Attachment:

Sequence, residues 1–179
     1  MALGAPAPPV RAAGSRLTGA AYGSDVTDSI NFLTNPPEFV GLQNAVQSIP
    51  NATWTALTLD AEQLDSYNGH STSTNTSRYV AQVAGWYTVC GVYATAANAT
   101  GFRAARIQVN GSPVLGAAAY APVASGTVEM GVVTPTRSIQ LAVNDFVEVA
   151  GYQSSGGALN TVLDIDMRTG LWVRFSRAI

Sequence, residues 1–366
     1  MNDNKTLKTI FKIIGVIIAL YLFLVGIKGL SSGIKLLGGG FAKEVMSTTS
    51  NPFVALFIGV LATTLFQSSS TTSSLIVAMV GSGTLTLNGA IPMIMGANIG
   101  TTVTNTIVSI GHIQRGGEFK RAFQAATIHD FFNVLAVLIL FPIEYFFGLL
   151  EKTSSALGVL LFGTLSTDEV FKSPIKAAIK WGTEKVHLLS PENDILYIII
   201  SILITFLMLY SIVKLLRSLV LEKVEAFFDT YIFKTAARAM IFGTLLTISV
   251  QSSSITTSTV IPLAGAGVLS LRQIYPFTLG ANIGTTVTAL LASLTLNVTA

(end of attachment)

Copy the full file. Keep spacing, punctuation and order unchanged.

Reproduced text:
Sequence, residues 1–179
     1  MALGAPAPPV RAAGSRLTGA AYGSDVTDSI NFLTNPPEFV GLQNAVQSIP
    51  NATWTALTLD AEQLDSYNGH STSTNTSRYV AQVAGWYTVC GVYATAANAT
   101  GFRAARIQVN GSPVLGAAAY APVASGTVEM GVVTPTRSIQ LAVNDFVEVA
   151  GYQSSGGALN TVLDIDMRTG LWVRFSRAI

Sequence, residues 1–366
     1  MNDNKTLKTI FKIIGVIIAL YLFLVGIKGL SSGIKLLGGG FAKEVMSTTS
    51  NPFVALFIGV LATTLFQSSS TTSSLIVAMV GSGTLTLNGA IPMIMGANIG
   101  TTVTNTIVSI GHIQRGGEFK RAFQAATIHD FFNVLAVLIL FPIEYFFGLL
   151  EKTSSALGVL LFGTLSTDEV FKSPIKAAIK WGTEKVHLLS PENDILYIII
   201  SILITFLMLY SIVKLLRSLV LEKVEAFFDT YIFKTAARAM IFGTLLTISV
   251  QSSSITTSTV IPLAGAGVLS LRQIYPFTLG ANIGTTVTAL LASLTLNVTA